Third Trimester (Weeks 27- Birth)
Climb Until….? - There is no set date at which you should ‘stop’ climbing. This is a personal decision and should be one that feels good to you. What’s most important to keep in mind is that labor and delivery are extremely taxing physical events. Much like you would give yourself some rest before going out to try a hard project, you should give yourself some extra rest as you get closer to your due date. You want your body to be ready to give your hardest project to date (birth!) 100% when it is ‘go time’.
Braxton Hicks - These contractions are basically ‘practice’ contractions that some women experience and others do not. They are not dangerous but there are a few things you need to keep in mind if you are experiencing them. If they are happening while you’re climbing, once you stop climbing, they should stop within a few minutes. Make sure you’re hydrating very well, as many times dehydration can cause this to happen with more frequency or intensity. If you’re noticing them increase as you get closer to birth, decreasing the intensity of your activity can help keep the uterus a bit calmer. Finally, if you find that they are not stopping and coming at regular intervals, you should call your provider.
Pelvic Floor - During the third trimester, the pelvic floor is under quite high demand due to the weight of baby, amniotic fluid, increased blood volume, as well as pregnancy weight gain in general. It is important to note if you are experiencing pelvic floor symptoms while climbing, such as peeing, pain, or feelings of heaviness (just to name a few, there are many more) this is a sign that your pelvic floor is not handling the demand of the task you’re asking it to do well. Seeing a pelvic floor physio is a great way to be proactive about your pelvic floor health. They can help you understand if you need strength, endurance, coordination, relaxation, or a mixture therein to restore optimal function of your pelvic floor.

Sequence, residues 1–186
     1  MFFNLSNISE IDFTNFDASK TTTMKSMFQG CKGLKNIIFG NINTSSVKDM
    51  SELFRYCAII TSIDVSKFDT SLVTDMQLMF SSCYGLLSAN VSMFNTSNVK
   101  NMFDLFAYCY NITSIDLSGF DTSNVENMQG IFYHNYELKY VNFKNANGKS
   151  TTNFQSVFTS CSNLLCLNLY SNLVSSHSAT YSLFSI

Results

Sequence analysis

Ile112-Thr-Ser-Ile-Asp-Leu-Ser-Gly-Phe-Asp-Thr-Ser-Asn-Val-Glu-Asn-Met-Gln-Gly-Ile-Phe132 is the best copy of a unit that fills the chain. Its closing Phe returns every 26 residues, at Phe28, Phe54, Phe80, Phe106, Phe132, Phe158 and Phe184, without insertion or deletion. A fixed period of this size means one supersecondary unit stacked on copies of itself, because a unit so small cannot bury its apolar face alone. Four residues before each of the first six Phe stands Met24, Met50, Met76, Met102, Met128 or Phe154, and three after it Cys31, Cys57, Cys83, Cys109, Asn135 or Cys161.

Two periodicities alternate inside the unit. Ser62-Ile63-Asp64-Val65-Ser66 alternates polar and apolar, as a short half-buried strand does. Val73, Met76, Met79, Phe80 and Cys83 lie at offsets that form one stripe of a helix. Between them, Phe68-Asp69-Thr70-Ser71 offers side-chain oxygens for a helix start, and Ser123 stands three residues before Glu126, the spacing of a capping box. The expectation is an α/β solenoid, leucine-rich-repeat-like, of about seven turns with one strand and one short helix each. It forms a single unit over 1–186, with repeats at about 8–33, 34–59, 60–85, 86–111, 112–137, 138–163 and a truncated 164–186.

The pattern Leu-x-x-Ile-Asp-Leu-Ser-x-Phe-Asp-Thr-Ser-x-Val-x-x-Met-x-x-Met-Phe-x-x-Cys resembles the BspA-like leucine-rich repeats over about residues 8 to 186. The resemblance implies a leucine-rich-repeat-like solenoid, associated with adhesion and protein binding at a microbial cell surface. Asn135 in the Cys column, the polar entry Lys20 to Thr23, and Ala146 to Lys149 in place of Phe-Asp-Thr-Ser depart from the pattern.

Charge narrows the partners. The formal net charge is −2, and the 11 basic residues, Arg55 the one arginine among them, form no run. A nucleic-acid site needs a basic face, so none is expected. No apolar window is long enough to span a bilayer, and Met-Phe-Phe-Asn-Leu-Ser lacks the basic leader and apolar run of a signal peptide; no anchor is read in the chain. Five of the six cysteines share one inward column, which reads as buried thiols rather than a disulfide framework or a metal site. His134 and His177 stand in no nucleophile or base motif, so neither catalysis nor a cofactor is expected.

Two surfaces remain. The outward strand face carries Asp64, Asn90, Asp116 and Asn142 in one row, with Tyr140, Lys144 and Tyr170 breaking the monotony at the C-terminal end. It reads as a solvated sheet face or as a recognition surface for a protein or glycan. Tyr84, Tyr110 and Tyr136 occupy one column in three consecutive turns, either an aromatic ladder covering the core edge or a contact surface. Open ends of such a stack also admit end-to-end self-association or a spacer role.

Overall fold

Climbing during pregnancy can be a wonderful way to move, stay strong, and stay active during pregnancy. Learning more about the ways in which your body changes during pregnancy, and how that relates to climbing is extremely empowering. We need to understand the changes that our body is going through so that we are able to make informed decisions around movement, on, and off the wall.
Stay Strong and Climb On!
American Alpine Club. State of Climbing Report. https://aac-publications.s3.amazonaws.com/articles/State_of_Climbing_Report_2019_Web.pdf
Conrad, K. P. (2011). Emerging Role of Relaxin in the Maternal Adaptations to Normal Pregnancy: Implications for Preeclampsia. Seminars in Nephrology, 31(1), 15–32. doi:10.1016/j.semnephrol.2010
Brughelli, Matt, and John Cronin. “Altering the Length-Tension Relationship with Eccentric Exercise.” Sports Medicine, vol. 37, no. 9, 2007, pp. 807–826., https://doi.org/10.2165/00007256-200737090-00004.